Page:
Charitable Giving | March 2012 | By Luke DeCock

The Burger Boys

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“The fact that they’ve tweaked their menu over the last several years to become more health-conscious enables them to maintain that ubiquity,” Carter says. “It would have been a little bit more of a challenge for McDonald’s to remain as relevant, given the great concern about childhood obesity, without making changes. That’s allowed that connection to sports to remain totally relevant.”

Among sports sponsorships and marketing programs, the name of the company and the honor of being on the team are inseparable in a way that few similar linkages can attain. NASCAR’s Winston Cup, now the Sprint Cup, achieved that status, while the college football bowl games that have ditched traditional names aspire to it: Atlanta’s Peach Bowl is now the Chick-fil-A Bowl, an attempt to build the kind of brand recognition McDonald’s gets from basketball.

“How long have they had that relationship? It’s been years,” says David Carter, the executive director of the Sports Business Institute at the University of Southern California. “The Heisman Trophy has been presented by how many people—Nissan, Aflac, whoever—over the years? The continuity and the relevance add to McDonald’s being ingrained as part of the nomenclature.”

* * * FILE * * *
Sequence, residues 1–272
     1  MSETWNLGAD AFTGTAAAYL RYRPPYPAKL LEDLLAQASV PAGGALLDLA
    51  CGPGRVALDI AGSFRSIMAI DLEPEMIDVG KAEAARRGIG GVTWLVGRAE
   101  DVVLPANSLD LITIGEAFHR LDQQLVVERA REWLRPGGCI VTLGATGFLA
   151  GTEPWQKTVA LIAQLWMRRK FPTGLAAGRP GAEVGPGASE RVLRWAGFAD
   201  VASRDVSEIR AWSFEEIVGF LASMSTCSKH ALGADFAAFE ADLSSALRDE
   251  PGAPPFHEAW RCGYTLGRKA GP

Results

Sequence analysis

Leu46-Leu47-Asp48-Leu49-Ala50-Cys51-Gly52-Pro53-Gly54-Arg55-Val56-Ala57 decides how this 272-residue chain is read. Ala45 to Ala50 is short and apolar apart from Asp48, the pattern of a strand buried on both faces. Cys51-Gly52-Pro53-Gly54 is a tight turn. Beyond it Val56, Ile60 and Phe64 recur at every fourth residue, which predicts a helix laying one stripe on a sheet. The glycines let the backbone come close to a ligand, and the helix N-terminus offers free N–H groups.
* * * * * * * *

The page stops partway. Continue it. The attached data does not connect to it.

McDonald’s involvement with high-school athletics fits with the company’s larger vision. Golin, the PR pioneer, coined the term “trust bank” to describe programs designed to generate goodwill for McDonald’s. McDonald’s once sponsored an All-American marching band that performed in the Macy’s Thanksgiving Day Parade and the Tournament of Roses. Golin says that program was abandoned when it became too logistically complicated. The basketball program proved far simpler—and more effective.

“It became such a status symbol for young people in athletics. We certainly never envisioned it would catch on that well,” Golin says. “It’s become such an iconic program, very good for the company associated with it.”